— As reported yesterday, Pete Wells files an April Bloomfield/Ken Friedman double feature this week, hitting up the Spotted Pig and its younger sibling Salvation Burger. At the latter, Wells thinks the hot-dog is actually the hit: "The house-baked buns, on the other hand, do make a difference. The top-split roll with a Parker House flavor is a major contributor to the all-around excellence of the oversize hot dog that runs with juices like an Italian sausage when you break its seared skin. Buried under a spicy confetti of giardiniera, the hot dog is this restaurant’s sleeper." One star.
— Meanwhile, in the West Village, the Times critic finds the Spotted Pig deserving of Frank Bruni's previous one star rating: "There can be a haphazardness to the cooking that wasn’t always part of the bargain. The much-praised sheep’s milk gnocchi can be gummy and dense, the chicken liver toasts can be oversweetened with reduced Port and Madeira." He adds: "After my most-recent dinners there, I left thinking that there had to be more rewarding ways to spend the evening." One star.
— Service is polite, and the space is beautiful, but Tejal Rao finds that a lot of the dishes at La Sirena are underwhelming. Here's the Bloomberg critic on one of her favorites: "One of the best is the pici, a perfectly fat, hand-rolled spaghetti that tapers off at the ends. It’s served in a rich, slippery sauce of pork sausage and escarole, and it’s the kind of dish that can send you into a fugue state, eating nonstop, forgetting your wine, your friends, your white shirt, yourself, until your plate is nearly clean." She adds: "There aren’t quite enough dishes that do that at La Sirena." One star.
— At John Fraser's Nix, Gael Greene leaves both visits feeling stuffed, and ultimately has trouble enjoying the heavy dishes: "Nix is not the innocent celebration of vegetables it pretends to be. Is there any other exercise in vegetablism so decked out in cream, salt, sugar and quick frying? Not that I know of. John Fraser has pumped up his verduratific leanings way beyond the dainties in his $120 seven-course vegetable tasting dinner at Dovetail or the carrot Wellington you couldn’t resist at Narcissa." She adds: "Gluttony sneaks up on you here."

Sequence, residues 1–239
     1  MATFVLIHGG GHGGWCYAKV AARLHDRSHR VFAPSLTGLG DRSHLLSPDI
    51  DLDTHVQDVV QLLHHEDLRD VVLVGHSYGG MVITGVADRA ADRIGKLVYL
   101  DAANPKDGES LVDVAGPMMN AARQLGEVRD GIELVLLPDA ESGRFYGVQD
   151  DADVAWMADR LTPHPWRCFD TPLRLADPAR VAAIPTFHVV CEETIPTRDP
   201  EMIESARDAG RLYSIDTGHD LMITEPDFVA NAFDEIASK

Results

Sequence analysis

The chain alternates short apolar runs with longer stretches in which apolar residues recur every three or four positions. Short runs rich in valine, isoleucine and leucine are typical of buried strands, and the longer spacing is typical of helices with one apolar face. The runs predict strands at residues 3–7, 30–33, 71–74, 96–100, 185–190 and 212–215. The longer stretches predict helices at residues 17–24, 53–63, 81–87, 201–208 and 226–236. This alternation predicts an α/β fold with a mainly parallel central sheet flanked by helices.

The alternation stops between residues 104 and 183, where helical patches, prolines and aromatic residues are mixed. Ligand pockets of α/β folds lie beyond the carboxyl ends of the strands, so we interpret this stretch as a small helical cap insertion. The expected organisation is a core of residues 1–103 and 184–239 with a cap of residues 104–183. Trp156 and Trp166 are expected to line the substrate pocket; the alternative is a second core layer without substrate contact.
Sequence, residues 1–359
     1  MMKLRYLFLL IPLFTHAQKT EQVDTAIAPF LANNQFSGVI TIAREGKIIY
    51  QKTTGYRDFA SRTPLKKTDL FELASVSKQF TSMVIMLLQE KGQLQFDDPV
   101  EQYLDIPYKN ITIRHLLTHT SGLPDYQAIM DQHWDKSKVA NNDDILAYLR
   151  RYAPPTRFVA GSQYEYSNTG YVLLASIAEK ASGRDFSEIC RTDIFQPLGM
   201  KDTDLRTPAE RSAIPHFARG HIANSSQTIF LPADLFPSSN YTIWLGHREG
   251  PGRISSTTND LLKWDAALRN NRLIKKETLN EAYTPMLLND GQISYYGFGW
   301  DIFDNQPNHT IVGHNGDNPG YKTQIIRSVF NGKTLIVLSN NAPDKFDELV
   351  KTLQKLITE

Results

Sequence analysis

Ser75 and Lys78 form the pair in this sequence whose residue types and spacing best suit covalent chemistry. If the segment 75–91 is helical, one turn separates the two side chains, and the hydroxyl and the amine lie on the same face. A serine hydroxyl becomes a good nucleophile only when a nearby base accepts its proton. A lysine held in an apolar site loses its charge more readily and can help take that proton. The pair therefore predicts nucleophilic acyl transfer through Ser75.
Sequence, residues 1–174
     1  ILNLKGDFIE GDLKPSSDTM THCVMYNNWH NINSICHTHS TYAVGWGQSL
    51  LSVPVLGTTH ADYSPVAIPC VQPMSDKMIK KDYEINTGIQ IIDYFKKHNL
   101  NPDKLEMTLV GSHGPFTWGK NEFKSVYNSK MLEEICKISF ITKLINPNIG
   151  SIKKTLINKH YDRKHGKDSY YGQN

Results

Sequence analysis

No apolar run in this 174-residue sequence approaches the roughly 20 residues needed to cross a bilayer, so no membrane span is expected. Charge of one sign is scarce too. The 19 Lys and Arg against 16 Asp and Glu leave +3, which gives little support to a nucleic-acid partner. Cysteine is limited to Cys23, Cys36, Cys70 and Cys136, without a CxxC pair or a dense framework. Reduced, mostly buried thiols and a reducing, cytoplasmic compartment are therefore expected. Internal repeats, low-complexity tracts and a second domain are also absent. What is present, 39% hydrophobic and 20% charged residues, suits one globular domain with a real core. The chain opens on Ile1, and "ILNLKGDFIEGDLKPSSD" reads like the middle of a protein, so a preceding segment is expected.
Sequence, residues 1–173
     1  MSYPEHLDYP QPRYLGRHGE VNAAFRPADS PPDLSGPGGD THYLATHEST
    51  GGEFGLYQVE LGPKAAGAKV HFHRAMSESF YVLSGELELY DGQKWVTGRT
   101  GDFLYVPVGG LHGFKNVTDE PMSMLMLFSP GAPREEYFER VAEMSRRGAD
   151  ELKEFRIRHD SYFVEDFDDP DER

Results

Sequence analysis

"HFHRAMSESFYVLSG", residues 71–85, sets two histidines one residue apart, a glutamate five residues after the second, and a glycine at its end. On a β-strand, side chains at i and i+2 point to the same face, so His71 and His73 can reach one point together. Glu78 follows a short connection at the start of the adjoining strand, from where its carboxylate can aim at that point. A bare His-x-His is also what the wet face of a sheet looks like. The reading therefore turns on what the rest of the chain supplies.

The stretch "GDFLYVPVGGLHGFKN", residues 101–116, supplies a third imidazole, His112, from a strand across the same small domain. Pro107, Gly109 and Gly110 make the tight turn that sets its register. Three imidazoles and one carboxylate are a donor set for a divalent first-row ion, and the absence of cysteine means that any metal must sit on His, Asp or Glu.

— For Ligaya Mishan, each visit to Bite of Hong Kong was better than the last: "Bite of Hong Kong is the kind of restaurant that rewards repeat visits, as you learn its ways and it learns yours." Of the food she adds: "Part of the beauty of a meal here is the procession of textures. Fried chicken, barely shielded by crispy skin as thin as vellum, may be followed by egg tofu, made with eggs and soy milk and close to custard inside, or golden e-fu noodles, chewy from a fizz of carbonated water in the dough."
— In his review of La Sirena, the Post's Steve Cuozzo celebrates Mario Batali's return to New York and the kitchen: "The happiest news about La Sirena is that Molto Mario’s back at the throttle in New York after a decade of global expansion, TV work and environmental activism." Some of Cuozzo's favorites include the roasted orata, caserecce, the beef braciola, and the desserts.
— The ricotta gnocchi is delicate, and the rigatoni is perfectly simple, but Christina Izzo of Time Out New York is particularly taken by the cacio e pepe fritters at Lilia. Ultimately, Izzo has a hard time picking a favorite: "Lilia has an entire menu of destination dishes; the biggest problem you’ll have here, other than scoring a free table, is picking a favorite." She adds: "Robbins’s cooking throughout is exceedingly smart, assured and refreshingly consistent" Five stars.
— Nicolas Niarchos visits Sofrito in Hamilton Heights to find delicious Latin fare served near a sewage plant: "For a lighter touch, try the cod tostones montaditos. This starchy theme continues into the main course, with a superb mofongo al pilón. The green plantain mash can be topped with chicken, beef, shrimp, lobster, or pork stew, and is more than enough for two. Surprisingly, then, from the Latin Asian Corner of the menu comes the Sofrito Roll, a delicious combination of rice, tempura shrimp, and—you guessed it—plantains."
— Zachary Feldman finds that Bon Chovie's brick and mortar is just as good, if not better, than its Smorgasburg stall: "In this new setting, Bon Chovie's anchovies remain pristine: crunchy and slightly bitter from keeping the head on and innards intact. They're great dipped into a smoked-paprika mayonnaise, though I do miss the pickled vegetables that used to come with orders at the stall. If it's acid you want, you'll have to hit the fish with a squeeze from lemon wedges instead. And they're joined by a slew of unfussy plates and seasonal specials on Holland's expanded sit-down menu."
The Blogs: The Food Doc files on Pasquale Jones, Restaurant Girl enjoys her visits to Dinnertable, the Pink Pig tries NYC's newest fancy chicken at Le Coq Rico, and Joe DiStefano has a meal at Tutti Matti in Long Island City.